Markets still cautious over US announcement of sale on Dec. 17 of 18 million barrels of crude oil from strategic petroleum reserve
Oil prices increased on Monday with concerns eased over the impact of the new COVID-19 omicron variant on the global economic recovery and fuel demand.
International benchmark Brent crude was trading at $75.97 per barrel at 0723 GMT for a 1.09% increase after closing the previous session at $75.15 a barrel.
American benchmark West Texas Intermediate (WTI) was at $72.39 per barrel at the same time for a 1% gain after trade ended at $71.67 a barrel in the previous session.
Prices continued rising over relief that the omicron variant is so far showing only mild symptoms and scaling back new restrictions.
Ozlem Tureci, one of BioNTech’s two Turkish-German co-founders, told a news conference on Dec. 8 that preliminary laboratory studies demonstrated that three doses of the Pfizer-BioNTech COVID-19 vaccine neutralized the omicron variant of the coronavirus.
As countries announce plans to roll out vaccine boosters with daily infections approaching an all-time high, South African scientists see no sign that the new variant is causing more severe illness.
Moreover, Richard Mihigo, the coordinator for immunization and vaccines development in the South African regional office of the World Health Organization (WHO), noted that few of the many people infected with omicron in South Africa have had to be hospitalized. He said from the preliminary analysis it looks as if the new variant may cause less severe illness, but at least another two or three weeks are needed to determine omicron’s full effects.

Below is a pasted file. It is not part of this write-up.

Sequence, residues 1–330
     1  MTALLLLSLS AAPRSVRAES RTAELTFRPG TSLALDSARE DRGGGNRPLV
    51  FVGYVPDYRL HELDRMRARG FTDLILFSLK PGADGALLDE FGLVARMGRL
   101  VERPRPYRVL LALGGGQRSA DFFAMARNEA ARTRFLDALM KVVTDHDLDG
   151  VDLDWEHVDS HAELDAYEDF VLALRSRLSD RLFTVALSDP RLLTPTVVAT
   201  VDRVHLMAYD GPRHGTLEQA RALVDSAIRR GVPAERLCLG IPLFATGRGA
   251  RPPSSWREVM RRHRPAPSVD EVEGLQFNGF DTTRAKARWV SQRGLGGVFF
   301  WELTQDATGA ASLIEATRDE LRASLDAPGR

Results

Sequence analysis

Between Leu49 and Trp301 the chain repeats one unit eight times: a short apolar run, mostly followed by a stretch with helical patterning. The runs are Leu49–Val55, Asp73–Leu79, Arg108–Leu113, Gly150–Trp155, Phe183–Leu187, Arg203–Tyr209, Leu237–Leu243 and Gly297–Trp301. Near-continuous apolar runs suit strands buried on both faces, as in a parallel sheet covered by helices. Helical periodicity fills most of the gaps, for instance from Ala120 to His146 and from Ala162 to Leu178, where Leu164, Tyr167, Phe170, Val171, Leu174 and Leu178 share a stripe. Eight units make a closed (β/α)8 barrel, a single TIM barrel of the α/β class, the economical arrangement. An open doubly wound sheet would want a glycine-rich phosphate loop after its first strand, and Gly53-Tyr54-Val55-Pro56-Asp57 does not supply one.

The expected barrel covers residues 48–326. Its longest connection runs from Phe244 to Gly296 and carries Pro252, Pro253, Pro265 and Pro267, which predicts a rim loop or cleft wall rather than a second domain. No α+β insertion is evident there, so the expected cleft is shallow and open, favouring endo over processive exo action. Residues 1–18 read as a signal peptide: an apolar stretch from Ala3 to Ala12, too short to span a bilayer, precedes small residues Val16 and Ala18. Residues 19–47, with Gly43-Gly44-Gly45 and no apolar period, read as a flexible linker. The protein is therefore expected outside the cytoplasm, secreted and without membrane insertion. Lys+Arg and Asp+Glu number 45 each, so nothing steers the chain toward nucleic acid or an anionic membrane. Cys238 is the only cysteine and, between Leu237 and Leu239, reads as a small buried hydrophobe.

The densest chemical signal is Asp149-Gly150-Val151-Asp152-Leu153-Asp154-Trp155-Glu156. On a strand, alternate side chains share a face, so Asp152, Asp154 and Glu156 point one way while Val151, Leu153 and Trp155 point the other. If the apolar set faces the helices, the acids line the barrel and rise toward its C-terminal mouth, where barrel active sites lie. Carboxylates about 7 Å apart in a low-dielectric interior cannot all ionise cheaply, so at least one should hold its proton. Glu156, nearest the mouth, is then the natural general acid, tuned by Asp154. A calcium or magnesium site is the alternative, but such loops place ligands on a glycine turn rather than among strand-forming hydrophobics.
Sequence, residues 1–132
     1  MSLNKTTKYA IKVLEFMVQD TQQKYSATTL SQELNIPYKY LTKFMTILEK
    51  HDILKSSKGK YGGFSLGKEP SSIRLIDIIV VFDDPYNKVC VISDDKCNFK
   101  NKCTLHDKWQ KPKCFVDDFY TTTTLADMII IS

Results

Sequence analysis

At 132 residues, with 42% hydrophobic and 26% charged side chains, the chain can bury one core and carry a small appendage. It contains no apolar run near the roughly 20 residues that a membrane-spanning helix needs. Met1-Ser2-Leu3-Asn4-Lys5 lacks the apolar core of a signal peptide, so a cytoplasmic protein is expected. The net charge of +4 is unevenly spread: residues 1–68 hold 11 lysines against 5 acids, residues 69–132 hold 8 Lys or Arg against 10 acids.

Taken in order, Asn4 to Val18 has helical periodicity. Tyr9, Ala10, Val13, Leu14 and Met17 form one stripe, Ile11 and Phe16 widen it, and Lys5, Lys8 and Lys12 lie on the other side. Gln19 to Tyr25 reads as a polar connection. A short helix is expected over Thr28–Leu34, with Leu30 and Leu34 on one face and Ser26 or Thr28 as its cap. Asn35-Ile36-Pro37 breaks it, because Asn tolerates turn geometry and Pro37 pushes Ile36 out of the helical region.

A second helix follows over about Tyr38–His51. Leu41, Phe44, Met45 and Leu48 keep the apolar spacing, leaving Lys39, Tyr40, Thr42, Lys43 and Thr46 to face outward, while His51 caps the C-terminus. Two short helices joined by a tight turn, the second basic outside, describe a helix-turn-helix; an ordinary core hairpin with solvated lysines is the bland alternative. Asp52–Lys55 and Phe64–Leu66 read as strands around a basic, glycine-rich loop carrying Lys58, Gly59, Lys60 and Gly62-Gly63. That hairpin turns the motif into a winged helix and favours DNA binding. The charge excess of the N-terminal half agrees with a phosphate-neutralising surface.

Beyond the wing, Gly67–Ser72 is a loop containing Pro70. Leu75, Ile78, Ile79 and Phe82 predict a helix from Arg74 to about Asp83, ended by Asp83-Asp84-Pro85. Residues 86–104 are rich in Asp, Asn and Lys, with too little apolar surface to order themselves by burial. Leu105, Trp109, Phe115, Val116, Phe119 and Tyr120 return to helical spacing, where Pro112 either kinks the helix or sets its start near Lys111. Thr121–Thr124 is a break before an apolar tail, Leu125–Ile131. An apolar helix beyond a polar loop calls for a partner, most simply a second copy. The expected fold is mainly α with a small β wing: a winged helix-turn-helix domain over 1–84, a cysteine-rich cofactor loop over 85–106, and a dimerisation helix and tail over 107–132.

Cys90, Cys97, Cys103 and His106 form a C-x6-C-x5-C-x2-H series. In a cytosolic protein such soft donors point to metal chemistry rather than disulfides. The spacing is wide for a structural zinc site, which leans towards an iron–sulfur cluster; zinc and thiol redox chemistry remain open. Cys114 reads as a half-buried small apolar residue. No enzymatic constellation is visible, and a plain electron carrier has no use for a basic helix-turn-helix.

However, the WHO said Sunday that early data suggests that omicron is more transmissible than the delta strain, reduces vaccine efficacy, and causes less severe symptoms.
“While preliminary findings from South Africa suggest it may be less severe than delta, and all cases reported in the EU/EEA to date have been mild or asymptomatic, it remains unclear to what extent omicron may be inherently less virulent,” the WHO said.
Oil markets remain cautious, however, as the US Department of Energy said on Friday it would sell 18 million barrels of crude oil from its strategic petroleum reserve on Dec. 17, as part of a previous plan to reduce gasoline prices.
Markets are also closely watching developments before the next meeting of the Organization of Petroleum Exporting Countries and its allies, known as OPEC+, on Jan. 4.
Iraq’s oil minister said Sunday he expects a continuation of the group’s current monthly production policy of gradually increasing output by 400,000 barrels per day.
The US oil rig count, an indicator of short-term production in the country, rose last week,according to the latest data released by oilfield services company Baker Hughes on Friday.
The number of oil rigs increased by 4 to 471 for the week ending Nov. 10 from 467 the previous week. On an annual basis, the oil rig count rose by 213 this year.